On March 27, TMC hosted JP Sherman of Red Hat who spent the evening talking about ways to optimize your on-site search. Currently, JP works as a Search & Findability Manager at the company. He has even created a search engine for video games.
Why does search matter?
First and foremost, a search is a journey that starts internally. When done correctly, it results in the search having more information or knowledge that they started with. You may ask yourself, “why is onsite search so vital?” The answers are as followed:
- The users who use your site search are engaged
- Claim you have something they desire
- Trust you, to a certain extent
- Are actively looking
If these consumers find what they are seeking they:
- Are more likely to visit your site again
- Are more likely to place whatever they are looking at in their cart
- Are more likely to ingest your material
If these consumers do not find what they are searching for they:
- Turn to Google
- Recall the negative results more easily than the positive ones
- Less likely to continue searching on your site
Numbers on internal search
- 30% of visitors use internal search
- 6 times likely to convert if users are utilizing internal search
- 15% of companies delegate tools and resources to improve internal search
The bottom line is this- making internal search begins with establishing a view of the value of your content through titles, metadata, and microdata.
How to measure search behavior
- Query- the search itself
- Acceptance- recognizing the conditions that indicate acceptance
- Rejection- recognizing the conditions that indicate a failure state
Terminations occur when the one doing the search either accepts or rejects the results, based on the internal criteria, impacted by the findings of that search.
Avoiding data overload
Start with keywords. Determine which ones are getting the most engagement. Identify the top converting keywords and their context.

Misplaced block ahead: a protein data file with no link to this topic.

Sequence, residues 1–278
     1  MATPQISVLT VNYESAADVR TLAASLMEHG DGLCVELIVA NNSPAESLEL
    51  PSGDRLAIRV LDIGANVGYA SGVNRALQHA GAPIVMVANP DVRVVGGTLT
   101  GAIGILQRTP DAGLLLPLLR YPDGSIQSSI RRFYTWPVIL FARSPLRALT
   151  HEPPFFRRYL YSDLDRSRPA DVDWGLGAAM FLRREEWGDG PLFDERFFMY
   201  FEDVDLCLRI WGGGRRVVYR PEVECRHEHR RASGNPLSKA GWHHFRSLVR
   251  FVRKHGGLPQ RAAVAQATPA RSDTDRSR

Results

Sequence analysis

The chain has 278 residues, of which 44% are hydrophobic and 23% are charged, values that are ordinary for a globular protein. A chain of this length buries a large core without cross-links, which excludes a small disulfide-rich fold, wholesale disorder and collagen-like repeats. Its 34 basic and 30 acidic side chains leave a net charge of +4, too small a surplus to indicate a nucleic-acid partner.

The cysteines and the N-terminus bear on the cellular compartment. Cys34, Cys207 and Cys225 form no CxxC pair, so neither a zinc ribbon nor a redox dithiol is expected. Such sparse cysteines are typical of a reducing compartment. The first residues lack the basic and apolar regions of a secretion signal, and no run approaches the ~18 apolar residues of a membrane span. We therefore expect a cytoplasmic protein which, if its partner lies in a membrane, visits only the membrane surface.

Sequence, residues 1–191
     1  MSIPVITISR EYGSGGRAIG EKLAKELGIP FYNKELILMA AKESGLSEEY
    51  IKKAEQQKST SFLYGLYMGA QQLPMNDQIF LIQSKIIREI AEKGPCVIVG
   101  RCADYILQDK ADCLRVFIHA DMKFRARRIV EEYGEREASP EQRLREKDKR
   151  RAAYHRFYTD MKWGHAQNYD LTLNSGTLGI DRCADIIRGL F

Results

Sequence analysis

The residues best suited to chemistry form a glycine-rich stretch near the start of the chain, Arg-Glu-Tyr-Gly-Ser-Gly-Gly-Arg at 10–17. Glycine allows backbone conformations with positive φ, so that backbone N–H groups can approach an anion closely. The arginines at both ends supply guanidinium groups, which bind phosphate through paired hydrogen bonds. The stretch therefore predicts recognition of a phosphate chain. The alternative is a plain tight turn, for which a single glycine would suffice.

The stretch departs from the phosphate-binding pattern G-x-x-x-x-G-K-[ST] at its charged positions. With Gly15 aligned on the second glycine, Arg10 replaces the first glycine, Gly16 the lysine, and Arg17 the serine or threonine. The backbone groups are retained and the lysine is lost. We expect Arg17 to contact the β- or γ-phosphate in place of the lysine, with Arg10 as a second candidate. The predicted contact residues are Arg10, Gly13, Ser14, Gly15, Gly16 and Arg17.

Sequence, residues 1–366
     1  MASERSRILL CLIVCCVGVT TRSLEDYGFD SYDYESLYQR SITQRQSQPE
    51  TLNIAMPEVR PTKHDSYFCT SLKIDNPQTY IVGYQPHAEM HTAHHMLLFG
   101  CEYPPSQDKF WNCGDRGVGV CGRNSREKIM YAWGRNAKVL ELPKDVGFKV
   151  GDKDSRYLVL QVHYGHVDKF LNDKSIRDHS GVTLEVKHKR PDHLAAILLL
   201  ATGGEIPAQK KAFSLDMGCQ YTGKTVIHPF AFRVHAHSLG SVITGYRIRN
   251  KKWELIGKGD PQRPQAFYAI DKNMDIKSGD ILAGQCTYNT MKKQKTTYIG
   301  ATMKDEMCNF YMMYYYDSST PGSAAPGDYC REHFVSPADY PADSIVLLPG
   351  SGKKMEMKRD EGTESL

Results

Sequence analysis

- High Frequency/Low Intention (top of search funnel) – popular but vague keywords
- Low Frequency/High Intention (middle of search funnel) – rare but specific keywords
- Long tail- more than three or four specific terms
- Unicorns- queries that happen once in a given time
Metrics and calculated for the keywords are as followed:
- High Frequency/Low Intention- Clicks- Click through rate
- Low Frequency/High Intention- Conversions- Conversion rate
- Long tail- No clicks- Consumption rate
- Unicorns- Position- Negative click-through rate
Click through rate in on-site search measures clicks from search engine results page
- Great way to measure the success of your on-site search
- A good CTR for onsite search is > 85%
- These users have high expectations for finding the content they need in part because of Google
- 33% of them re-searched w/o assistance
- 59% of them re-searched with assistance
Failure means you can ask them for more information. Additionally, autosuggest can help users and filter their intentions even when the customers themselves don’t know the right phrase.
- Practical Exercises- use popular search terms, localize your internal search, discover the content gaps from a failed search
- Intermediate- measure the time between query to conversion, create conversion events for content, test user interface changes in search engine results page
- Mastery- create search-oriented microdata into content, use personalization to bias results, integrate search data in CMS
Besides having great speakers, We also like to have fun which is why we do giveaways. This meeting we gave away tickets from one of our sponsors, LiveNation. Be sure to RSVP to our next meeting where we will be hosting Amy Schmittauer on April 24.
We thank our sponsors for allowing us to serve warm food and cold drinks at all TMC events. Download the TMC app. We have updated the app as of yesterday. The app allows you to connect with others in the room. Next, we will be adding a directory to capture all the names of people you might have interacted with but forget their name.